In accepting the Nobel Prize for Literature in 1995, Irish poet Seamus Heaney stated that his life had been "a journey into the wideness of language, a journey where each point of arrival ... turned out to be a stepping stone rather than a destination." Irish critic Dennis O'Driscoll's poetry-based account of Heaney's life, "Stepping Stones: Interviews With Seamus Heaney," is a fascinating volume of linked interviews arranged thematically rather than chronologically.
It is noteworthy that the interviews, as O'Driscoll explains in the introduction, were conducted in writing and by mail. He refers to Heaney's "rare capacity to improvise sentences that are at once spontaneous and shapely, playful and profound, beautiful and true," and then notes that "the same eloquence is a feature of these interviews." While not attempting to analyze Heaney's poetry, O'Driscoll offers an authentic biographical context for the poems.
Seamus Heaney was born in 1939 at Mossbawn farm in County Derry, Ireland, the oldest of nine children. Though of humble origins, he has been in the public eye of the international literary world since the mid-1960s, when Faber & Faber published "Death of a Naturalist," his first volume of poetry. By 1984, with the publication of "Station Island," his volume of prose poetry, he had sealed his fame. A celebratory and affirmative poet, the always articulate Heaney tells us with characteristic clarity that the secret of writing poetry "lies in the summoning and meshing of the subconscious and the semantic energies of words."
A true "man of letters," Heaney, in addition to writing poetry, frequently publishes prose works, habitually makes radio and TV appearances, and gives readings and lectures worldwide. In 2000 his translation of "Beowulf" received much acclaim, including a well-publicized party given at the Clinton White House. His impressive career as a university lecturer has included positions at Queens University Belfast, Trinity College Dublin, Cambridge and Harvard.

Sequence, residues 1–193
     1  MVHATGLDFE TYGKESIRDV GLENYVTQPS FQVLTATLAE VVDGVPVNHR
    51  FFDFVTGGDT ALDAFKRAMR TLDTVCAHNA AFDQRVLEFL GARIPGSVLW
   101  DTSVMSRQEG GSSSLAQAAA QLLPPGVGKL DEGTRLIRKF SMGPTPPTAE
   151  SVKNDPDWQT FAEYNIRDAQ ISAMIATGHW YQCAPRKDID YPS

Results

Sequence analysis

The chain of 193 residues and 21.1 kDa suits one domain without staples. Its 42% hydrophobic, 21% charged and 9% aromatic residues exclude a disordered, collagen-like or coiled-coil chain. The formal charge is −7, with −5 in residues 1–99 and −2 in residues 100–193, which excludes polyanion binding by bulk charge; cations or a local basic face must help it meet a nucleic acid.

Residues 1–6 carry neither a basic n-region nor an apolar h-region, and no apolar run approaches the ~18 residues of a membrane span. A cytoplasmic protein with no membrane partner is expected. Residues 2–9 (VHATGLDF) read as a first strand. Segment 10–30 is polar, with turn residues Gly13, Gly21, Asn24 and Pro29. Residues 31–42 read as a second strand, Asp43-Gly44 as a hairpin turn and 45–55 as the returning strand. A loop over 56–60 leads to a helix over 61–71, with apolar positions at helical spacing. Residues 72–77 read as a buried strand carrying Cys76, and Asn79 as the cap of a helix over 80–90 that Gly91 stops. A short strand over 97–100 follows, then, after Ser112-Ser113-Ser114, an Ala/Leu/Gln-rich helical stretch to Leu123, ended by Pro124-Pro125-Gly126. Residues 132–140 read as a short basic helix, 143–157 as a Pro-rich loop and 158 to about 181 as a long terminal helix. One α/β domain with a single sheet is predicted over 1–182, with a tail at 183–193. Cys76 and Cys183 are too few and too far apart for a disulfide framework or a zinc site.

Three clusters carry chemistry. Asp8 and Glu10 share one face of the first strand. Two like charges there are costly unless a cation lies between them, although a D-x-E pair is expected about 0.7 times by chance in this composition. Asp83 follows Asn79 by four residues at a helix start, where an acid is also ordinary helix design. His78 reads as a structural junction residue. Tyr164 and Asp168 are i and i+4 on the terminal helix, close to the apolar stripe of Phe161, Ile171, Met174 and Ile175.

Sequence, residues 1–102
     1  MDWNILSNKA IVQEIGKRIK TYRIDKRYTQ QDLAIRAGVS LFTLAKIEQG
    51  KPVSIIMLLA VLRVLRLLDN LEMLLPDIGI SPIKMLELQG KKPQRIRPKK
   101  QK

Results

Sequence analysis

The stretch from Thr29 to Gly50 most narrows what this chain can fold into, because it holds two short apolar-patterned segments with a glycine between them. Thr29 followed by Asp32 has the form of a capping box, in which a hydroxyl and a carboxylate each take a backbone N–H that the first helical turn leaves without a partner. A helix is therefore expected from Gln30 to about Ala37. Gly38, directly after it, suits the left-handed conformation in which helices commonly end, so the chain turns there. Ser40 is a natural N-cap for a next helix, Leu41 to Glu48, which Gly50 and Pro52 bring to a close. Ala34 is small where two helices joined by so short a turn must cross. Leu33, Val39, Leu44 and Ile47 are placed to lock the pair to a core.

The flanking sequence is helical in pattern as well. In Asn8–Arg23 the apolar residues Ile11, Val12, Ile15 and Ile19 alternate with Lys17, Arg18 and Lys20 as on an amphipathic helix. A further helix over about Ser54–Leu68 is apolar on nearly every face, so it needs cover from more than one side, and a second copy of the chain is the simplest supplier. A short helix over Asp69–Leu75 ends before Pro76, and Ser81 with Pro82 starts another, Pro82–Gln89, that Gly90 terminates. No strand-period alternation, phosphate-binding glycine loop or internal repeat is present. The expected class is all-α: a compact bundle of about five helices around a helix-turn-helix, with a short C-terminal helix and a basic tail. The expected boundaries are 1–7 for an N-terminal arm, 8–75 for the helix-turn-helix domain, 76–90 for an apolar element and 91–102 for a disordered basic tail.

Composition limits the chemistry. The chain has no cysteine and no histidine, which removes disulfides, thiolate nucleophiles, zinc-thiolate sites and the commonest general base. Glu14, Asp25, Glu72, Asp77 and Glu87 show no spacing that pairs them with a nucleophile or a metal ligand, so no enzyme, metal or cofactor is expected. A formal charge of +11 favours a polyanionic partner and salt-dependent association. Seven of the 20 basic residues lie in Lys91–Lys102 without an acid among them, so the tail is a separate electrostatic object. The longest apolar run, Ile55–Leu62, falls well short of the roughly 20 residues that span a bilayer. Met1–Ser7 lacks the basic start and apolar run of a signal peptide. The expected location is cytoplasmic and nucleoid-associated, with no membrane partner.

A prominent thread weaving through O'Driscoll's interviews is the influence of other poets, both living and dead, on his subject. Undoubtedly, it was Polish poet Czeslaw Milosz who most affected Heaney. Like Milosz, Heaney possesses an extraordinary gift for re-creating childhood epiphanies. And both poets are existentialists in the best possible sense, both prodded by insistent inner voices that ask, "What did you do with your life?"
O'Driscoll questions Heaney about the influence of Ireland's arch-poet, W.B. Yeats. "The received wisdom," writes O'Driscoll, "is that all Irish poets work in his shadow and that he is therefore a stifling presence as well as a stimulating one." Candidly, Heaney responds that Yeats never stifled him. To the contrary, Heaney appreciates in Yeats his "marvelous gift for beating the scrap metal of day-to-day life into a ringing bell." Yeats' ability to include and transform his controversial political affections and disaffections into his poetry impresses Heaney.
"Stepping Stones" succeeds on many levels, and O'Driscoll's intelligent probing to go beyond Seamus Heaney the public figure to the inner man, to the essential inner poet, is masterful. Included in the book is a biographical glossary of those whose lives touched Heaney's. It serves as an enlightening education in the cultural history of our era.
Katherine Bailey is writing a book titled "With a Critical Eye: Essays on Fiction." She lives in Bloomington.